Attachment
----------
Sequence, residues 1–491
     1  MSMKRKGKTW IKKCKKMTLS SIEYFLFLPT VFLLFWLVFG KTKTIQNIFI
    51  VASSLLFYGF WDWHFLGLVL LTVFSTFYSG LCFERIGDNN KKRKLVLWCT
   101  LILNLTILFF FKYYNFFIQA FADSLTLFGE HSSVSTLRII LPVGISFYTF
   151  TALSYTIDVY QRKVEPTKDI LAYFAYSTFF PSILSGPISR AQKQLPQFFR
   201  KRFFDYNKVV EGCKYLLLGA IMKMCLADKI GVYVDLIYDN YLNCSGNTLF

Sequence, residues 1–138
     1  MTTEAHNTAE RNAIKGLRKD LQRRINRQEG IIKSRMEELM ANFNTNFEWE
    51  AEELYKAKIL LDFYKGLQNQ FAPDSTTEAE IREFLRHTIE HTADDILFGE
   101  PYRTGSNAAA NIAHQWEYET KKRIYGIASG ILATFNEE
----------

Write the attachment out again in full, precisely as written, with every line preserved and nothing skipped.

Sequence, residues 1–491
     1  MSMKRKGKTW IKKCKKMTLS SIEYFLFLPT VFLLFWLVFG KTKTIQNIFI
    51  VASSLLFYGF WDWHFLGLVL LTVFSTFYSG LCFERIGDNN KKRKLVLWCT
   101  LILNLTILFF FKYYNFFIQA FADSLTLFGE HSSVSTLRII LPVGISFYTF
   151  TALSYTIDVY QRKVEPTKDI LAYFAYSTFF PSILSGPISR AQKQLPQFFR
   201  KRFFDYNKVV EGCKYLLLGA IMKMCLADKI GVYVDLIYDN YLNCSGNTLF

Sequence, residues 1–138
     1  MTTEAHNTAE RNAIKGLRKD LQRRINRQEG IIKSRMEELM ANFNTNFEWE
    51  AEELYKAKIL LDFYKGLQNQ FAPDSTTEAE IREFLRHTIE HTADDILFGE
   101  PYRTGSNAAA NIAHQWEYET KKRIYGIASG ILATFNEE